• Army wish list reveals splits in parliament

    Sun, 16 Sep 2018 13:00:00 GMT

    The Swiss army wants to invest CHF2 billion ($2 billion) this year, including on high-performance bullet-proof vests for every soldier. It also plans to sell off around half of its fleet of F-5 Tiger fighter jets.  The total budget of CHF2.053 billion, approved on Thursday by the House of Representatives but still to return to the Senate, would be spent on modernising certain systems of the air force, supplementing soldiers’ equipment and development training infrastructure.  This figure is similar to previous years and would be allocated as follows:  The politicians also gave their backing to the most controversial item on the army’s shopping list: new combat gear for every soldier, costing CHF3,000 per person, including a high-performance bullet-proof vest. This will cost the army a total of CHF377 million – something that has divided politicians, with some questioning whether every single soldier needs such a vest. The plan is to introduce the equipment in 2022 and use it ...

  • ‘Everything is a little bit more relaxed’

    Sun, 16 Sep 2018 09:00:00 GMT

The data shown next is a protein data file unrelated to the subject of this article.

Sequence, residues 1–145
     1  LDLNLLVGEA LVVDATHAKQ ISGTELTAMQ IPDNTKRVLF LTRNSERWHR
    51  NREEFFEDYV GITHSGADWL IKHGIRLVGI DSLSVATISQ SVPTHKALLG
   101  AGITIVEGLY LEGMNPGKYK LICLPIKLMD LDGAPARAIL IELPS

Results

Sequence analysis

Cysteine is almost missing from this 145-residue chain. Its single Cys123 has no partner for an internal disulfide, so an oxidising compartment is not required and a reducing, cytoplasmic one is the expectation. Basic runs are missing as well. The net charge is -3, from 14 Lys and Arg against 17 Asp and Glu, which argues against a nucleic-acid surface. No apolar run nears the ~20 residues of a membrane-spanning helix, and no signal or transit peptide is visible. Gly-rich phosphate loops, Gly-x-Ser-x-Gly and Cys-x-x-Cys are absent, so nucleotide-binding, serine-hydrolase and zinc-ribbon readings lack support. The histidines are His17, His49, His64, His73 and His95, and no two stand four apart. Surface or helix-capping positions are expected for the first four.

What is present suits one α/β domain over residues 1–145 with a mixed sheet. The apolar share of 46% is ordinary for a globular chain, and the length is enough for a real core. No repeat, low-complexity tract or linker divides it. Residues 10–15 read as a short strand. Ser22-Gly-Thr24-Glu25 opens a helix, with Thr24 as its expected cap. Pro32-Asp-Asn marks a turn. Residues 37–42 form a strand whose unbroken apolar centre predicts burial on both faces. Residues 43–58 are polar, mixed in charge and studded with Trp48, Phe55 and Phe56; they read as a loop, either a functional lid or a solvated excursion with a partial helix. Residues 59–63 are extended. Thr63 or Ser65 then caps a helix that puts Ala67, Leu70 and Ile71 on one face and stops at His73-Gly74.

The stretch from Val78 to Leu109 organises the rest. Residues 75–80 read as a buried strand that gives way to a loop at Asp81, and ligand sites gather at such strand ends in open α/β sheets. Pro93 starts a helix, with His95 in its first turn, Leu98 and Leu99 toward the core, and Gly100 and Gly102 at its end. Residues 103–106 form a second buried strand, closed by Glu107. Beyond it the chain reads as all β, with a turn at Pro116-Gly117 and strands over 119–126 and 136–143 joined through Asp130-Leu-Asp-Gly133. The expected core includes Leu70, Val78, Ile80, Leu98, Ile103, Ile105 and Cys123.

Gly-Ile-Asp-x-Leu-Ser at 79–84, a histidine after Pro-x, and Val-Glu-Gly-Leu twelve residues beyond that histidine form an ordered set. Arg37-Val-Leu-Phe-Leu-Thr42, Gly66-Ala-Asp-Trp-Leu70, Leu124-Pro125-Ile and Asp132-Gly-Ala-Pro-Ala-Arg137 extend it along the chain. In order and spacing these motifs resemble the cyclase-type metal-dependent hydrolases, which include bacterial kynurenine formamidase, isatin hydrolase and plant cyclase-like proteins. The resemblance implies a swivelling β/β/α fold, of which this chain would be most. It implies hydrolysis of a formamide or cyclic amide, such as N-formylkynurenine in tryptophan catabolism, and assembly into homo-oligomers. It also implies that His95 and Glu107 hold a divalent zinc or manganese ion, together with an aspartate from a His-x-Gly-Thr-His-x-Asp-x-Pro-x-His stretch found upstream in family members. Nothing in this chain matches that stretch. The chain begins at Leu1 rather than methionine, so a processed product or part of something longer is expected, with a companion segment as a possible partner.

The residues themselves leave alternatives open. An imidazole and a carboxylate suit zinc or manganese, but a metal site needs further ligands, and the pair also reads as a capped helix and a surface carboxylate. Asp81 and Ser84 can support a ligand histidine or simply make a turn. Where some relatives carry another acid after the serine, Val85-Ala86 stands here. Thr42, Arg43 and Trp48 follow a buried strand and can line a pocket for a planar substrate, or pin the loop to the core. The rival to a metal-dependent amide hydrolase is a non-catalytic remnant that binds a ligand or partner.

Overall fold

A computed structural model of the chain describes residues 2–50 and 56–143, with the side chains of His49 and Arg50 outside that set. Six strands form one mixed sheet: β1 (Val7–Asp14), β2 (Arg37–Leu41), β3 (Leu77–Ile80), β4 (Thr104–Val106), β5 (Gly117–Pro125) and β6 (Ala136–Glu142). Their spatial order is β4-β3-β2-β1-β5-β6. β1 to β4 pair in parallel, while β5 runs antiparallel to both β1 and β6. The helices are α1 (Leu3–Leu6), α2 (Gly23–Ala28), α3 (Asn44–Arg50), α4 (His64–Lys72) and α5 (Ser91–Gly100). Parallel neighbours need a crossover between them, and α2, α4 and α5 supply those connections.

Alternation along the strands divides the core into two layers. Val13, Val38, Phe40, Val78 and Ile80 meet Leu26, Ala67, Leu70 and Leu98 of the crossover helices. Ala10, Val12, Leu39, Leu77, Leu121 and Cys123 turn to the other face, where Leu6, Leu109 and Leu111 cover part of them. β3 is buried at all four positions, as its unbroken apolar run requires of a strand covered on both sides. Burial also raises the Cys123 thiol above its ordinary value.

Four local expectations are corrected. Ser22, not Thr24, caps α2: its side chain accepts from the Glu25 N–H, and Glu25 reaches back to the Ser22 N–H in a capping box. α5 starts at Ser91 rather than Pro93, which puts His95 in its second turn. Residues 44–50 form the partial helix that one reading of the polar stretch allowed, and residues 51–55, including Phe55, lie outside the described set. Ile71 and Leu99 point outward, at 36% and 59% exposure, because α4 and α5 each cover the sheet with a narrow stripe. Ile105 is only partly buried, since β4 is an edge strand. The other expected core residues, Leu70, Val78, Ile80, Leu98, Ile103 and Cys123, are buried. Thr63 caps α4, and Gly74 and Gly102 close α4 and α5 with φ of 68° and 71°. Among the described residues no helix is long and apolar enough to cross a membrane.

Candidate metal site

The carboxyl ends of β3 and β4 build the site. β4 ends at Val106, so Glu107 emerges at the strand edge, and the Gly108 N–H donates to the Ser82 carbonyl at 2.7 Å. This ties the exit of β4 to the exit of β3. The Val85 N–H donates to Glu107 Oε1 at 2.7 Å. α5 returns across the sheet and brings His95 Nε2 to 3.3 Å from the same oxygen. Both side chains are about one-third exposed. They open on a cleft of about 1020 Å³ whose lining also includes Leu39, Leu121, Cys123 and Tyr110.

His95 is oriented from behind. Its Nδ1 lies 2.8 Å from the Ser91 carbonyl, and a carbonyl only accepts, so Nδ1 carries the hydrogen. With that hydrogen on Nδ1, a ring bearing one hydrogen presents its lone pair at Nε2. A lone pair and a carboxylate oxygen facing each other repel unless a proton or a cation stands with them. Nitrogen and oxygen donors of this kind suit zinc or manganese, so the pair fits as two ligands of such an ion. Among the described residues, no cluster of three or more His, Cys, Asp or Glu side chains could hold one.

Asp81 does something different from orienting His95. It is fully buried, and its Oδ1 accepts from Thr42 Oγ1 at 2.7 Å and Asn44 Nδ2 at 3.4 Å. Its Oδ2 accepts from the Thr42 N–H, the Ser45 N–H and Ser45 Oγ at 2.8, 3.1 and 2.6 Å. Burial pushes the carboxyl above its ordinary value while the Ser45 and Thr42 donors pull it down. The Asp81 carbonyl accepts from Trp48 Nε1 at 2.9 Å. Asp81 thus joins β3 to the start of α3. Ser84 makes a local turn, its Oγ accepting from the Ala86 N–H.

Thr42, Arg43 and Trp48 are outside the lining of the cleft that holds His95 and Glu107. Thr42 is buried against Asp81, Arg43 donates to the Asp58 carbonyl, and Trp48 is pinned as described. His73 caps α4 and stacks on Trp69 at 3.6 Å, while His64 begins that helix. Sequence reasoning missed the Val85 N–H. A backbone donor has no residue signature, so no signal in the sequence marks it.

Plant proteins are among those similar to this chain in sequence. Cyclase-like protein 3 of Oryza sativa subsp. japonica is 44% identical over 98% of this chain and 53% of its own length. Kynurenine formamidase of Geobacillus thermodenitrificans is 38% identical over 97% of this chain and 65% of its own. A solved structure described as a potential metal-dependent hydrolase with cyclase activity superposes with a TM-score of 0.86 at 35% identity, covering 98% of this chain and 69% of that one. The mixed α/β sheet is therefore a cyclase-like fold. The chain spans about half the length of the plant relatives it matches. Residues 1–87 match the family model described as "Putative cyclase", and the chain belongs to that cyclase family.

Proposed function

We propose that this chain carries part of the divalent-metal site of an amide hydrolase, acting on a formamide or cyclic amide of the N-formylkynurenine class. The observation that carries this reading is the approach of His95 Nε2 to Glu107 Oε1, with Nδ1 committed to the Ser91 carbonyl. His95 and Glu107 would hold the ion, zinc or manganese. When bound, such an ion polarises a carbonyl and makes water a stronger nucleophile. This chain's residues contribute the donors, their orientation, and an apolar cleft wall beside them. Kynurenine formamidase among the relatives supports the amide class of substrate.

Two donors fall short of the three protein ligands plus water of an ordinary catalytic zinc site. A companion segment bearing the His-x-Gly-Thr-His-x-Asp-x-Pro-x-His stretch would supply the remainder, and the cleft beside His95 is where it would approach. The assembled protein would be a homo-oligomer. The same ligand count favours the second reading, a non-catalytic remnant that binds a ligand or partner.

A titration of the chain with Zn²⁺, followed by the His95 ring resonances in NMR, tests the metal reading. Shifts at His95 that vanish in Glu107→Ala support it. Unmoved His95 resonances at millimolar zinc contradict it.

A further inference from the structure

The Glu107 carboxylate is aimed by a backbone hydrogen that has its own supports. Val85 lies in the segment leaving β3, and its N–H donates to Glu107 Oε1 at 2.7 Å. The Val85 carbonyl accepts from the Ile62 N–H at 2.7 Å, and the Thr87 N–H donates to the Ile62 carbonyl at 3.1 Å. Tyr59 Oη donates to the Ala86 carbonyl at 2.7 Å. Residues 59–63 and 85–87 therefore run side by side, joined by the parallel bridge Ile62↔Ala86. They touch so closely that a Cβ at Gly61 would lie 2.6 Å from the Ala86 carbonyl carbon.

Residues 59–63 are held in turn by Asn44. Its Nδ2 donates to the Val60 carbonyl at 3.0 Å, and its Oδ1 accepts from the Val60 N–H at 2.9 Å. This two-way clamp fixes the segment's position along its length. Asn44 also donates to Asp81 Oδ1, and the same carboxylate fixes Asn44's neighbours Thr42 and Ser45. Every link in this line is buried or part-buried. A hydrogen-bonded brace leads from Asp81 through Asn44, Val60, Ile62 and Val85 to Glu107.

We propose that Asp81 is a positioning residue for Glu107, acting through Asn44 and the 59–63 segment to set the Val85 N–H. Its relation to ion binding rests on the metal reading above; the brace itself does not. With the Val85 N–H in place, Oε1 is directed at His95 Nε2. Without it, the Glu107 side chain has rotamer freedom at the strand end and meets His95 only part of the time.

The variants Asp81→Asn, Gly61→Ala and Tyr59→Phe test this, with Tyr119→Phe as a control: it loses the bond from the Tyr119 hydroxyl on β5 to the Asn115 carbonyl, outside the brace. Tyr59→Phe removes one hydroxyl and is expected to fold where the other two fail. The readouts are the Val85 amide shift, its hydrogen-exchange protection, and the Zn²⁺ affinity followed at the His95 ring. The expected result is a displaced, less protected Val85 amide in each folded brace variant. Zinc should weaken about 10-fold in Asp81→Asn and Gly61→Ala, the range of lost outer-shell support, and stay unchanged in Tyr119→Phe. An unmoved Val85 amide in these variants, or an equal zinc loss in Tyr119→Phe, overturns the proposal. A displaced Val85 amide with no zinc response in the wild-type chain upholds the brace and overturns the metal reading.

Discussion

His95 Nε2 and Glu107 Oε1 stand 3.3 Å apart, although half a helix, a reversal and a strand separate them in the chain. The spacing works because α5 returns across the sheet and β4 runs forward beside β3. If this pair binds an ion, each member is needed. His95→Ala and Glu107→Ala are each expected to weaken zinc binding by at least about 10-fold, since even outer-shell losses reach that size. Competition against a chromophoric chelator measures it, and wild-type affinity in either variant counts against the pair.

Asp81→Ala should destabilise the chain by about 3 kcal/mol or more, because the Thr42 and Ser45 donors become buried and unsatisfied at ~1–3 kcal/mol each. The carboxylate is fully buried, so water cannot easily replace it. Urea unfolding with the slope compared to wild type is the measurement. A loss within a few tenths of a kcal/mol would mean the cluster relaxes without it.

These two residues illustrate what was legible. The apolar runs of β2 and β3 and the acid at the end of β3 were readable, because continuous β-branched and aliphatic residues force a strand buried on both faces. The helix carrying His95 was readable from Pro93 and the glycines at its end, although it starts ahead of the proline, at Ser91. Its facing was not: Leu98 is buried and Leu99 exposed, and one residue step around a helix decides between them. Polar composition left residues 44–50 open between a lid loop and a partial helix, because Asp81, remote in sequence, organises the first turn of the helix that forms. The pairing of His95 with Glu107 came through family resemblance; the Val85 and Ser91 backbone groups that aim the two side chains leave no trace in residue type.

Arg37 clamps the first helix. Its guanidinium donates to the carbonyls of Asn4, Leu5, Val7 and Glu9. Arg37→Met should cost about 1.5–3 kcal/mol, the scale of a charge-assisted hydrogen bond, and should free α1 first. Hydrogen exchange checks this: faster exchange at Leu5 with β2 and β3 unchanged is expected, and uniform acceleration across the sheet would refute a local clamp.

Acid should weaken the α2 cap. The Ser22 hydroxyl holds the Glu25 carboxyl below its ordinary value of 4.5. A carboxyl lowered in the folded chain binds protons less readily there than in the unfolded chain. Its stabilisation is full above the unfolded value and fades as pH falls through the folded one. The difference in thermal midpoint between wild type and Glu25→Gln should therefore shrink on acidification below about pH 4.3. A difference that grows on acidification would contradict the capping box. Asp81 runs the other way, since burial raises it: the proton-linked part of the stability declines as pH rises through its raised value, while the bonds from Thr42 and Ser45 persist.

Florian Lüthi only became an expatriate this year after moving to the Netherlands, where he hopes to gain new experience working as a nurse. Aged 30, he is still getting used to Dutch directness. Why did you leave Switzerland?  Florian Lüthi: I left Switzerland at the beginning of April 2018. I wanted to gain new experience in my job as a nurse, and do my master’s degree abroad. I decided to take this step for those reasons and because my mother has relatives in the Netherlands. The points of view stated in this article, especially about the host country and its politics, are the interviewee’s points of view and are not necessarily in line with’s position. Was it a one-way journey, or do you intend to return to Switzerland one day?  F.L.: So far it is a one-way journey. It was first and foremost a question of gaining experience. But I didn’t know if what I was hoping for would work, or if I would perhaps find something else.

  • Marching cows to Lehman losses

    Sat, 15 Sep 2018 15:00:00 GMT

    Almost every article published by contains a percentage, an age, an amount of money or some other figure. Here’s a round-up of the most interesting statistics to appear in the past week’s stories. Monday 300 Switzerland has launched a new platform to help reduce the number of non-assisted suicides. It is part of a long-running government strategy to bring down the number of suicides by 25% by 2030 – in other words, to prevent about 300 suicides per year.   Tuesday 270,000 Every year, more than a quarter of a million cows march up to the top of mountains in Switzerland and then march down again. The migration starts in early summer as they are taken to alpine pastures and ends in early autumn when they return to the valleys. Tuesday  115 Between 2014-2017, Switzerland began 115 anti-corruption investigations against corporations and individuals conducting trade abroad, according to Transparency International. The NGO says that makes Switzerland an active ...

  • The Art Basel for classic car fans

    Sat, 15 Sep 2018 09:00:00 GMT